Saturday, March 14, 2015

Putting the driving increase "in perspective"

Driving those devilish motor vehicles is increasing in the US again. The folks at Streetsblog are desperately trying to spin the reality shown in the graph above:

Phineas Baxandall, a researcher with the U.S. Public Interest Research Group, says the increase needs to be put in perspective: This doesn’t look like a return to historical driving trends. Prior to about 2005, traffic rose at a fairly steady rate, with some fluctuation around recessions. But this latest increase doesn’t signal a return to that path of constant growth — the kind that has been continually used to justify highway projects.

Yes, just because people are driving more than ever, why should they need highways?

When this story was posted on SF Streetsblog, it got no comments from its apparently disheartened readers.

The Great Recession is the only thing that slowed this "historical driving trend" down.

And it's an international trend. 

Streetsblog has always had a hard time dealing with transportation reality. Their story on how the Chinese are giving up their bikes and buying cars caused some gloom in Anti-Car Land. 

They like to talk about transportation choices, but when people choose cars the "perspective" spin is frantic.

Also see The Antiplanner on the subject.

Labels: ,


At 2:10 PM, Anonymous Anonymous said...

What's really creepy about the Anti-car crowd is how many of them actually own and use cars themselves. I have "anti-car" friends get away with claiming to be "car free" because the car is "registered in their wife's name", or "they HAD to buy a car because their children attend a school on the other side of the city", etc. etc. Also, I attended some of the Polk Street meetings and MTA officials were seen showing up IN CARS. I just cannot figure the anti-car crowd's reason for the hate. Is it because they want the roads all to themselves so when they drive "their wife's car" they will have less traffic from the rest of us?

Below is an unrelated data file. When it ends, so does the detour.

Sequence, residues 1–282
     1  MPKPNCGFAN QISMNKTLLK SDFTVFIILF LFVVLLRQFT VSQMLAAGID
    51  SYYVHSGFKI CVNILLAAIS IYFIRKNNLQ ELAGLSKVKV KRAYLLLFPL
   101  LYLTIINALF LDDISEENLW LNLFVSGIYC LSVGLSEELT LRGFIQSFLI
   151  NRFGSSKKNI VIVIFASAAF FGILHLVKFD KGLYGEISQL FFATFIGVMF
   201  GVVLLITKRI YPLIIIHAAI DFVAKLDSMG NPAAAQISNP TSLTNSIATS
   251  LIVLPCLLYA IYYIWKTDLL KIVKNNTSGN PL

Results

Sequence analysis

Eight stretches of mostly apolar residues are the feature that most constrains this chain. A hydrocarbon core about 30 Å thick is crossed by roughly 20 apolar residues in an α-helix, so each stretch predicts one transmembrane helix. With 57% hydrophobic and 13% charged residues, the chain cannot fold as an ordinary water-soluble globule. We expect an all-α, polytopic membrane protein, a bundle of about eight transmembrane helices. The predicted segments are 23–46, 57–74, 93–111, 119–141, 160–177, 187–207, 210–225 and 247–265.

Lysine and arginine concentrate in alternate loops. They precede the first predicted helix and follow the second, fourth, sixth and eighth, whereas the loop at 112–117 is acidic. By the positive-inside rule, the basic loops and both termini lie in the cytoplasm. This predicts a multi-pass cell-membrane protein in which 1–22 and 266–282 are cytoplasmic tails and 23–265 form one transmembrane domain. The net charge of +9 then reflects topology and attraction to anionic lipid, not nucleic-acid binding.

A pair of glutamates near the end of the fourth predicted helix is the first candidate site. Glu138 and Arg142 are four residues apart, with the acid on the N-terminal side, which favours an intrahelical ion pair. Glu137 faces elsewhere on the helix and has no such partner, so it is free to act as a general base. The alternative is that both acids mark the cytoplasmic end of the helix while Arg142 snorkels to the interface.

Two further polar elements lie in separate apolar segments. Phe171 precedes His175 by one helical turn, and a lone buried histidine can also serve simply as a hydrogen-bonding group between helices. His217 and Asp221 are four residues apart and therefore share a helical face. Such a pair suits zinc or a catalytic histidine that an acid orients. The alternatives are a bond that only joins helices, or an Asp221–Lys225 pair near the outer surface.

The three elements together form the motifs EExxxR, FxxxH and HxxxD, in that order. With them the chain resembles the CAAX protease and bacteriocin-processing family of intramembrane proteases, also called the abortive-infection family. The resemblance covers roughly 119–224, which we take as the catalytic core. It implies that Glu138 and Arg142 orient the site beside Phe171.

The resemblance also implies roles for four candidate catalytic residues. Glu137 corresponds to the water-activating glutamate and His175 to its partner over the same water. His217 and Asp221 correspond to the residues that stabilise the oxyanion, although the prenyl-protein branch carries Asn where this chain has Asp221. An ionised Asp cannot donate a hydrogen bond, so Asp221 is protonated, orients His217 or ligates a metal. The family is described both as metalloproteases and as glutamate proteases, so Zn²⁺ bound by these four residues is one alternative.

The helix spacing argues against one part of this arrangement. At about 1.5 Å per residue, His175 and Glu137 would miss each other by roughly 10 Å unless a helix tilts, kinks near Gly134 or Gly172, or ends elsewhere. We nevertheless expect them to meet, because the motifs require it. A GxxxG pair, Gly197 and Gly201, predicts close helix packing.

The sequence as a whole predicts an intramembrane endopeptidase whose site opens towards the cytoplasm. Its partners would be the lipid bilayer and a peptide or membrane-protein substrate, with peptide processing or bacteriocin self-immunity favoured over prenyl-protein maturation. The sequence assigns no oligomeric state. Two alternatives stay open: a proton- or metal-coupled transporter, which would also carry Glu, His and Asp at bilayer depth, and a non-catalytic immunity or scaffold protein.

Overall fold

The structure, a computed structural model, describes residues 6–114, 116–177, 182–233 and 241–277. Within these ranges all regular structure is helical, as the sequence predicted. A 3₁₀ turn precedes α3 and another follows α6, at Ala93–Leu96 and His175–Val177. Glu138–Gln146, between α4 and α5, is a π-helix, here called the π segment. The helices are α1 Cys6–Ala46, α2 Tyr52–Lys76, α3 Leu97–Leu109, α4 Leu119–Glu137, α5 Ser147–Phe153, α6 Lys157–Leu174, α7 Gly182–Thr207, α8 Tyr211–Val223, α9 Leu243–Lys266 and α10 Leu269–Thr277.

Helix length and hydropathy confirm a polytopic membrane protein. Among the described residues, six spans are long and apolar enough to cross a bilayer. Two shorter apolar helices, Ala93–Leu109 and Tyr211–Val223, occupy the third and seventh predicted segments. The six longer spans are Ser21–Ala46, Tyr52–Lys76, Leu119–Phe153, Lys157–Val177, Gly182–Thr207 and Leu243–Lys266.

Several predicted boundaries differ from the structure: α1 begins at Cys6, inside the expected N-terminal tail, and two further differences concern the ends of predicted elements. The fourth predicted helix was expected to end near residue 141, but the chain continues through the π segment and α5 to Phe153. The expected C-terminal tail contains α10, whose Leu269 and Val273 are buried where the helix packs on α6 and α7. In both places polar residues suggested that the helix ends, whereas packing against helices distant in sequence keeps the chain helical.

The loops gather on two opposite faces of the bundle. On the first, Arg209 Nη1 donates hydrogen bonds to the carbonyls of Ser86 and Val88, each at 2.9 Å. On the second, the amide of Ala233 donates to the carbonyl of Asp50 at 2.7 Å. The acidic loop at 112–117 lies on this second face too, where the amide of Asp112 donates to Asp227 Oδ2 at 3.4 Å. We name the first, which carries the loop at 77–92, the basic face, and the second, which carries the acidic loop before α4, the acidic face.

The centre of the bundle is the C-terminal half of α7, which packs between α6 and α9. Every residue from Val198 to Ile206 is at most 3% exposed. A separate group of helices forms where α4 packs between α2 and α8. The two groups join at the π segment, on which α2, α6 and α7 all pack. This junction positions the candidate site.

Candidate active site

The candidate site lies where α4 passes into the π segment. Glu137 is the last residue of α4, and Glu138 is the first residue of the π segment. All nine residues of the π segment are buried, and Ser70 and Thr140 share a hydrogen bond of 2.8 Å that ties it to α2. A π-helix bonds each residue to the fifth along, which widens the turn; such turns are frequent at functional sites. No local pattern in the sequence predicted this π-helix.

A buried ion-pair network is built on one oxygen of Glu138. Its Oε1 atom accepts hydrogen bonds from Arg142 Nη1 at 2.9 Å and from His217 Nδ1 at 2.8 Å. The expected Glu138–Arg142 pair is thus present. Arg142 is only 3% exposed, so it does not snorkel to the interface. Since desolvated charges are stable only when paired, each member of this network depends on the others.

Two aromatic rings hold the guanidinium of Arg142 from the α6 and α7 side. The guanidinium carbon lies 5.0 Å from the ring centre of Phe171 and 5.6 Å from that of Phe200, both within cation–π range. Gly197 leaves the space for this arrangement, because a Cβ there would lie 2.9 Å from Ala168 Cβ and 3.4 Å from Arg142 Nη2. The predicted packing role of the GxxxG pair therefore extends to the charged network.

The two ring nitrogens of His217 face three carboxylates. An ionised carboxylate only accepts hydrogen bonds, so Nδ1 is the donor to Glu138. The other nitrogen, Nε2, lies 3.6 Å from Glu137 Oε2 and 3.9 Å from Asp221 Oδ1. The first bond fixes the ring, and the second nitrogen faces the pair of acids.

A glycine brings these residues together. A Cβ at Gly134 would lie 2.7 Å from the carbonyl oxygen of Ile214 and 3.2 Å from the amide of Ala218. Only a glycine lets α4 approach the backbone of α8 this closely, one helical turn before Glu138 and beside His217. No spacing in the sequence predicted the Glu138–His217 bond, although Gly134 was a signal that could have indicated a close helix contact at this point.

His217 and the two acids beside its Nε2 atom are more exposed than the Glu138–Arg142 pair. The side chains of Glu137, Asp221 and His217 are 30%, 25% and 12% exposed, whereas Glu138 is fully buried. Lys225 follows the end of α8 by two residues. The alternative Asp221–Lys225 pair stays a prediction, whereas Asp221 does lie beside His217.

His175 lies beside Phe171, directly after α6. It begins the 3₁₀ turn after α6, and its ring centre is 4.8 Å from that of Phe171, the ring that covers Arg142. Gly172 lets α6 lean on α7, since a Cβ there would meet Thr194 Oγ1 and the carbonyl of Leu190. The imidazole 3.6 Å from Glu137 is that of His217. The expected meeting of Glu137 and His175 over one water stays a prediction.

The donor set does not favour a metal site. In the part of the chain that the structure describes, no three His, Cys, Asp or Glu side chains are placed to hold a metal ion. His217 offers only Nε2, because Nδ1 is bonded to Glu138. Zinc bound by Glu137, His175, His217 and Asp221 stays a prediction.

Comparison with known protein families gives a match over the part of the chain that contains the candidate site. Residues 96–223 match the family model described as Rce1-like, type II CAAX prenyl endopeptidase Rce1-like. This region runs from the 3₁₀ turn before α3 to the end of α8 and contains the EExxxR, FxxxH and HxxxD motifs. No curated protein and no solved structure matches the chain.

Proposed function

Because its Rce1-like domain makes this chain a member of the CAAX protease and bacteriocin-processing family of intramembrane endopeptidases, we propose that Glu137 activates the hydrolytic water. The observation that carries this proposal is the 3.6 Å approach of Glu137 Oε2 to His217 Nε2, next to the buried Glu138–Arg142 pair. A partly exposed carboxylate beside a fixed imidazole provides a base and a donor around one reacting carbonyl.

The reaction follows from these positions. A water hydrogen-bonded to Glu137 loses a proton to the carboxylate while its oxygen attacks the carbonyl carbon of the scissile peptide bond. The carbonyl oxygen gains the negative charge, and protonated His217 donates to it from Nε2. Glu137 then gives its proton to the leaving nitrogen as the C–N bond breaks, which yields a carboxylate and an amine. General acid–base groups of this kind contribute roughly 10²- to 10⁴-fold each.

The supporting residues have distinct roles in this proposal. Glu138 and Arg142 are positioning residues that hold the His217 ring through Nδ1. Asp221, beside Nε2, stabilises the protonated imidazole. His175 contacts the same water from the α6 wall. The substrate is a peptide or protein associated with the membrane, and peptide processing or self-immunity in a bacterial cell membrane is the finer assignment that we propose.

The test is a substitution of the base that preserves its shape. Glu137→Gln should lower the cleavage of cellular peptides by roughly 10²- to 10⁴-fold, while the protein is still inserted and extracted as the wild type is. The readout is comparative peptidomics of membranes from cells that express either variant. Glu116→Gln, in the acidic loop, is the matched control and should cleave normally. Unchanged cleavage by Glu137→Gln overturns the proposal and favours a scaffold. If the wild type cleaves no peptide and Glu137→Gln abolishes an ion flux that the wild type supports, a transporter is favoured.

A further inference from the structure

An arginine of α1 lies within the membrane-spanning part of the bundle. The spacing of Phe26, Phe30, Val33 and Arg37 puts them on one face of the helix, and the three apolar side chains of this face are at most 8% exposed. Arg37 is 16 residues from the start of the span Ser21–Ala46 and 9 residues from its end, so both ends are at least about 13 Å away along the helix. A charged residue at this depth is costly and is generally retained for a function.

At 11:20 AM, Blogger Rob Anderson said...

No, it's because they're in the grip of an ideology that's fashionable among planners and their fellow travelers, so to speak, in other disciplines. Cars, oil, sprawl and suburbs, the shortcomings of public transportation, etc., are all to be cured by bicycles, trains, and smart(sic) growth.

But when you take a close look at their proposed projects---bike lanes for a small minority on busy city streets, a crushingly expensive high-speed rail project and trains in general, dense development, and anti-carism in general either these proposals are too expensive or have little popular support.

Many people like the mobility cars provide---many with families even find it essential---they like having a home in the suburbs, and they don't want to start riding a bike.

It's all about a widespread intellectual fad that is already fading as it's forced to come to grips with reality.

At 11:05 AM, Anonymous Anonymous said...



Post a Comment

Links to this post:

Create a Link

<< Home